Figure embroidery – the depiction of human figures in embroidery – is the hook that originally got me into exploring surface embroidery in earnest.
I came across a lot of it when doing research for a History of Art course in college, and it absolutely fascinated me. At the time, I already dabbled in surface embroidery, but the exquisite, artistic nature of the figure embroidery that I found in texts, in museums, and eventually in church sacristies and collections really astounded me. It was an art form I had never really noticed before, until I started studying it in earnest. And, like I said, I was hooked. It became a bit of an obsession.
Since then, I’ve collected a lot of Stuff pertaining to figure embroidery – many pieces, gleaned from antique dealers, online auctions, and the like, as well as books the at least touch on the subject (there are no books, to my knowledge, solely devoted to the subject) and pattern collections.
Technology has made the study of figure embroidery from an amateur’s perspective (i.e., my perspective) a lot easier than it used to be when I was in college. Way back then (some 25 years ago), I had a camera – you know, the kind with film? – and as for a computer… ha! I thought I was pretty advanced to have an electronic typewriter in my dorm room. And while I had access to computers, they certainly didn’t do what they do now. If I wanted to study a piece of figure embroidery up close, I used a magnifying glass.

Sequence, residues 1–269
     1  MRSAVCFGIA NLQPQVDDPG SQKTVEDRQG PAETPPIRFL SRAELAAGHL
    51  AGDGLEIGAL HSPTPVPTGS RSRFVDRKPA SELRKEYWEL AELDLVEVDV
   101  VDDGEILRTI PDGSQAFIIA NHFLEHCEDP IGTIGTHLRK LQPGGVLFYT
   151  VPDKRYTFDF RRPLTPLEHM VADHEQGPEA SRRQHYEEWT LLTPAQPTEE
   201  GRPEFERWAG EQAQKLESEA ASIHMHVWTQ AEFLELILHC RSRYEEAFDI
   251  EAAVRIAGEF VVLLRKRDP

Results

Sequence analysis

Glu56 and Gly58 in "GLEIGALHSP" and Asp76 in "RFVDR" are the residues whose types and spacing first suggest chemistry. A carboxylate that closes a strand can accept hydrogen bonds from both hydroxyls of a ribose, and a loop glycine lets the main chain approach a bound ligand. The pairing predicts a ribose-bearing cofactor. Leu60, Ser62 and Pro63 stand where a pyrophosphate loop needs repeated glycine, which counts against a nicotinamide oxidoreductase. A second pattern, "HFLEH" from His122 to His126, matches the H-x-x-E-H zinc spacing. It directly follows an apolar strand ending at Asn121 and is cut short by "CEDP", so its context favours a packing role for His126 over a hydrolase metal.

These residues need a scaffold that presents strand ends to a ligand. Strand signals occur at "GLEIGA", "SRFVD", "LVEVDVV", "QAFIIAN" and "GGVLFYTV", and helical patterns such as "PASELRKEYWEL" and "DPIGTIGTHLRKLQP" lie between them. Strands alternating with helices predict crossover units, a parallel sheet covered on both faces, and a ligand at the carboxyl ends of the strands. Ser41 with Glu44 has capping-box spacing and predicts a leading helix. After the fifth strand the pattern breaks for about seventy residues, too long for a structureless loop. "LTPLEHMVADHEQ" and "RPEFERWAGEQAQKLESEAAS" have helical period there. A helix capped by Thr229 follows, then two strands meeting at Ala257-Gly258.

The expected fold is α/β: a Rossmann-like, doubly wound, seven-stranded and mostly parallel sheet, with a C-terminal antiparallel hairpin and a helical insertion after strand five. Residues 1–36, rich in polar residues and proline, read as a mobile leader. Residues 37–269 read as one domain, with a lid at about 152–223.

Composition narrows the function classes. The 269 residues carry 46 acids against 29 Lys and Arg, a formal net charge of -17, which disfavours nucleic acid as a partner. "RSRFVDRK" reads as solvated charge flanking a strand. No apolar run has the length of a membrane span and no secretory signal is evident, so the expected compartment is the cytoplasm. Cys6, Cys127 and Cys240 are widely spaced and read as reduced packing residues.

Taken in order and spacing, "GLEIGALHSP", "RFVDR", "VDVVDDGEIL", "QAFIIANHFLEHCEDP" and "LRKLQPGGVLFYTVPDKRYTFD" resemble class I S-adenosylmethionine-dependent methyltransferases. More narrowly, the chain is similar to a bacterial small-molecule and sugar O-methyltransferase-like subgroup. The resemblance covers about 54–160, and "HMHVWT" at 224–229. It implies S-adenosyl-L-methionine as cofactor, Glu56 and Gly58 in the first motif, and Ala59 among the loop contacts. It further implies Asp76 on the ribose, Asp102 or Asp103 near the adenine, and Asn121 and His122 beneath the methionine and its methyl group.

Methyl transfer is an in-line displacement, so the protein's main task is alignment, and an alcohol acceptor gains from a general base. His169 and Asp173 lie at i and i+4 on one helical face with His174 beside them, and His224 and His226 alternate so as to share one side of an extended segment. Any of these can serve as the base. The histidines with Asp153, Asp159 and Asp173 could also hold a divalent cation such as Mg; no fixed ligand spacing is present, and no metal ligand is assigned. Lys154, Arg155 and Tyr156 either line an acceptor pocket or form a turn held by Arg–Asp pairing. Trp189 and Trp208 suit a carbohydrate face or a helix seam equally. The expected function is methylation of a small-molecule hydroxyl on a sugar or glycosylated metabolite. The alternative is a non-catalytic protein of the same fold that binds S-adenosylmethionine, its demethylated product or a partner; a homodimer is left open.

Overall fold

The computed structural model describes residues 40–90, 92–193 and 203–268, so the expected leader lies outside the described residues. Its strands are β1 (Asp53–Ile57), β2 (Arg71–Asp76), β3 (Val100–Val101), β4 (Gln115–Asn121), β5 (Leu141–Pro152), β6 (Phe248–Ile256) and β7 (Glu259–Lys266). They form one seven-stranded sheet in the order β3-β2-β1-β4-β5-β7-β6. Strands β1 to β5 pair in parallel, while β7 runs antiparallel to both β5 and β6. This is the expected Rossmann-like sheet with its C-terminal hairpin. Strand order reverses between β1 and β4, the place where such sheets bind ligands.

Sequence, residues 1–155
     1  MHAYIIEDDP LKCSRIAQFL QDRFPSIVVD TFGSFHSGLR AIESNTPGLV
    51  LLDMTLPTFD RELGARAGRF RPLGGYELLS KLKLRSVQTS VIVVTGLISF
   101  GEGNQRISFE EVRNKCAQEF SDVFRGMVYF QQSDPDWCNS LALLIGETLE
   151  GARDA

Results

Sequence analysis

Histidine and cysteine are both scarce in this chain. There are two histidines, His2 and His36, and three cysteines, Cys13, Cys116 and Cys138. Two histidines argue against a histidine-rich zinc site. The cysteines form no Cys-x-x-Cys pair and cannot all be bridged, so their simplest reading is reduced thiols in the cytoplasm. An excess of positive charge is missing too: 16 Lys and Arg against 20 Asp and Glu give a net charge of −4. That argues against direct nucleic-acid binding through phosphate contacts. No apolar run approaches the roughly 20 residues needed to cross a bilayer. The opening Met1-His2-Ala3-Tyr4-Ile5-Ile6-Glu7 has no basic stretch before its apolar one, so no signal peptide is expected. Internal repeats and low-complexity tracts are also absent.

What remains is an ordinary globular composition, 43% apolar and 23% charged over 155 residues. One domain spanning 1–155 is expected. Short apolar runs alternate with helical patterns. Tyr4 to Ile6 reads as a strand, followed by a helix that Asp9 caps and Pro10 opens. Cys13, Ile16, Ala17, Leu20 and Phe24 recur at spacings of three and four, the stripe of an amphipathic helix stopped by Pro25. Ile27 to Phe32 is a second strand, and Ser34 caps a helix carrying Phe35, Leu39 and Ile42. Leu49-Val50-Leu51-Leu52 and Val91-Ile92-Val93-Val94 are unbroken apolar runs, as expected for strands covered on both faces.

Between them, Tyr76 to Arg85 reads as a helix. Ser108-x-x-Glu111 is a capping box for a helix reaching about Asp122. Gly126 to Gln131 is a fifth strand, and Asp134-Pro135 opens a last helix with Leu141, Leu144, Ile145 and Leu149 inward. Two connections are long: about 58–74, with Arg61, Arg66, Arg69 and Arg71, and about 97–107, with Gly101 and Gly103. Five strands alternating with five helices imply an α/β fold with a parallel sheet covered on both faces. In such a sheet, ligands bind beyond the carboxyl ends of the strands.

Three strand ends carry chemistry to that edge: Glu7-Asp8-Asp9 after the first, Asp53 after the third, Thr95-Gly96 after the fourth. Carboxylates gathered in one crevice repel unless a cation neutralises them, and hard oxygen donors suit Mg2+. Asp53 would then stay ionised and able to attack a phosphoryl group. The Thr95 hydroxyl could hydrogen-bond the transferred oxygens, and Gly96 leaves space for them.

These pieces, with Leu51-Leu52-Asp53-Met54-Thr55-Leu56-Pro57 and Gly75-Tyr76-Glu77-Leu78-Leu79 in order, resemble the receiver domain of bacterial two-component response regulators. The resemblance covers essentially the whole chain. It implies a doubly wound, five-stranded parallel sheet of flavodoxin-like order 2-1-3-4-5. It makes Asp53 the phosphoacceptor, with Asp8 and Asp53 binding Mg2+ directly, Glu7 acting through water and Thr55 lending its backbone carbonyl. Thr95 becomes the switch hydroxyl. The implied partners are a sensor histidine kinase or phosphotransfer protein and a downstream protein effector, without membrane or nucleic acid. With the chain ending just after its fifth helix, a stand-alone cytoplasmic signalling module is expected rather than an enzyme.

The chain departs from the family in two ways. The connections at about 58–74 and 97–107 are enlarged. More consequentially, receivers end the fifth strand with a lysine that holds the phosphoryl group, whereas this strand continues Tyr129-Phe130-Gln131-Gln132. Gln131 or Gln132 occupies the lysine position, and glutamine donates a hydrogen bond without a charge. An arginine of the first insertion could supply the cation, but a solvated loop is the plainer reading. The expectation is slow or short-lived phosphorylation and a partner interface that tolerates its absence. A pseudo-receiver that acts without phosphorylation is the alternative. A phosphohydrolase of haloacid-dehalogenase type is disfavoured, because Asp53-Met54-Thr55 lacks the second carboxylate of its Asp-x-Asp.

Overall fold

Now, my favorite tools for getting really up close and personal with pieces of old embroidery are my camera and my computer.
This particular piece of embroidery which I acquired off eBay for practically a song is a good case in point.
When a piece of embroidery like this is listed on eBay, it’s pretty hard to know exactly what you’re getting. But from the photos in the listing, it looked like an intriguing piece worth bidding on, if it didn’t go too high. It didn’t.
This is one half of a stole, which is a long, normally narrow liturgical vestment worn by a priest around the neck and down the front. It’s normally decorated on the ends, which is the case here. There’s another half of this stole, but unfortunately, the whole stole was cut in half by the previous owner, and folded and glued so that the decorative parts could be displayed in a case. That’s why it was inexpensive.
The ground fabric on the front of the stole is in ok condition – not great, but I’ve seen worse – but the lining is torn, faded, and rotting…and encrusted here and there with glue.
When I saw the pictures on eBay, I was especially intrigued by the figure embroidery. It looked quite fine, and considering the scale, I knew it must be extremely delicately worked.
The scale? Well, here’s some perspective:
You can click on any of these photos for a larger image.
So there it is, with my hand in the photo. The diameter of the outer circular frame is less than 4″. It’s a small piece of embroidery!
Examining such a small piece of embroidery and understanding how it was worked and assembled (there’s a bit of appliqué going on in the whole piece) could be done several ways.